Thursday, May 31, 2012

Norman Rockwell

Going along with my previous post regarding getting out of the artist "Funk", one of the ways I've found to jolt myself out of it is by taking one of my many art books off the shelf and allow myself to get lost within its pages.

Today I decided to pull out one of my many Norman Rockwell books. What an inspiration for capturing scenes of everyday life and those special moments that tug at our hearts. About a year or so ago I read an autobiography of Rockwell, titled Norman Rockwell my adventures as an illustrator. I could not put the book down, it was very humorous in the way that he wrote it and much like his paintings, you felt as if you wanted to be a part of his world. Although some have criticised Rockwell for not being a "real" painter and only an illustrator, I believe he was a great communicator, inventor, story teller,  visionary and yes a great painter.  Really someone who could capture a feeling, idea, an aspect of humanity and communicate it so clearly and beautifully.

                                                    Norman Rockwell Behind the Camera

I enjoyed reading about his process of paintings and seeing some of the photos he worked from in some of these books. If he needed an image of say a child running for example, he would prop their feet up with books to look as though he or she was running. If it was a girl he would tie her braids up to look as if they were blowing in the wind. Then he would put himself in that position and animate the action himself so that his little model could see and feel at ease about posing in such a ridiculous pose. I learned a lot from reading his biography especially since I work with children so much.

                                             Norman Rockwel my adventures as an illustrator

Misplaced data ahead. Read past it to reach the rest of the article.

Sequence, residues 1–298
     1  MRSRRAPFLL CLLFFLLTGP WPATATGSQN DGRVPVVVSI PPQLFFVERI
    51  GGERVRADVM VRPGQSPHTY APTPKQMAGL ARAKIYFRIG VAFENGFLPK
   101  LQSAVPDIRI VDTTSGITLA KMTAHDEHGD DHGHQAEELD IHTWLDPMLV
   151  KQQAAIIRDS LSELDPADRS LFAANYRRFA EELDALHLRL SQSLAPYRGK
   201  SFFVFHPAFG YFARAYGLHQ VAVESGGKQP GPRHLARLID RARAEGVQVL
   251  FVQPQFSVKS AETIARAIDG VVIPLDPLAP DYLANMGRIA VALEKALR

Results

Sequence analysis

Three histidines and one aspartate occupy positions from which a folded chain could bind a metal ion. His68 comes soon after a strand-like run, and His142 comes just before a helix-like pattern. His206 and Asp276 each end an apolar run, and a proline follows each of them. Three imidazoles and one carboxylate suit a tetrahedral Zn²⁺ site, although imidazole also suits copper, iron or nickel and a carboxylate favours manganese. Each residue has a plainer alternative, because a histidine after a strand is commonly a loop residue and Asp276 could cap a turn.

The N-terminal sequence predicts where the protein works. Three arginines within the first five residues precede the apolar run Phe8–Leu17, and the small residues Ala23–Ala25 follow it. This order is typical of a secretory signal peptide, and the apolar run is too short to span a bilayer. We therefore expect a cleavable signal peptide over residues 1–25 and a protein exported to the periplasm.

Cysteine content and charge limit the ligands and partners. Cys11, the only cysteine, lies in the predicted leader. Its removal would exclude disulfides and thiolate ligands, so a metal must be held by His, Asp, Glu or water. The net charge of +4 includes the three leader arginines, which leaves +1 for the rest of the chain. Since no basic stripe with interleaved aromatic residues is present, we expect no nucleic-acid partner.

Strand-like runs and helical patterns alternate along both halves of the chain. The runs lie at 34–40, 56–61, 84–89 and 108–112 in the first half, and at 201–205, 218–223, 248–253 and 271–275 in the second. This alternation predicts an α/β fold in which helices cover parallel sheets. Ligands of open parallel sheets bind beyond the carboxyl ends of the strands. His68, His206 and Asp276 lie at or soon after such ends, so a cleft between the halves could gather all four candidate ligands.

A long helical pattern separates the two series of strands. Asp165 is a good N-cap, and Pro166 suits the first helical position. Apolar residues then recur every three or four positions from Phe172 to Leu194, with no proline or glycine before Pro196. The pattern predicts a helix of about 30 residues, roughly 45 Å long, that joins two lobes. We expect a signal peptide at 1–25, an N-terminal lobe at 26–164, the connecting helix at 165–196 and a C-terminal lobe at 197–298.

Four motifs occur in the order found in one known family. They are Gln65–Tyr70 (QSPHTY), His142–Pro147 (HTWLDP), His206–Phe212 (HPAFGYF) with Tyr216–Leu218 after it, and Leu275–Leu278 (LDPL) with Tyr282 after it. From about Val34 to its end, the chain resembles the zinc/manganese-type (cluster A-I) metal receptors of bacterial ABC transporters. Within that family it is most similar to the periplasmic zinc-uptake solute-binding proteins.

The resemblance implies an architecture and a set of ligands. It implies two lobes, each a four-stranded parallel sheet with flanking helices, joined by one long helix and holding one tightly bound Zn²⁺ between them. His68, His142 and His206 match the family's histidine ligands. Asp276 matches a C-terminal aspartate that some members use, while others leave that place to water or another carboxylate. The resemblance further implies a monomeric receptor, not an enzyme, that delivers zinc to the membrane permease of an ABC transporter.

When he found a great character to use as one of his models he would use them over and over again until they moved out of town or the Evening Post would nag at  him "enough is enough", and then he would disguise that favorite model somehow to keep using them. the secrets out, I've done that myself as well.

Another favorite subject of his was none other then man's best friend, the dog. I guess it adds a certain nostalgia to the paintings, it confirms our need for companionship as humans and just adds to the universal truths Rockwell so often painted. I've not added the trusted dog yet to any of my work but I'm sure it will come about sooner or later.

I love paintings that evoke some sort of emotion or feeling within, something that I can relate to on a deeper level. It may speak to the reality of life, family, friends, good times, bad times, it speaks to the core of who I am.  I can connect with the piece and therefore I am a part of it and I believe the artist has communicated something profound,  not just a surface level but a much deeper level at the core of every human being.  Many artists have done this in a variety of ways, some, dare I say in a much more illustrative way as in Rockwell's work and others in a more painterly way as maybe Sorolla and others like him. I think in either way, if you are able to  speak to the viewer at this deep level you are an artist, a visual communicator and that I believe is a blessed, and amazing gift.

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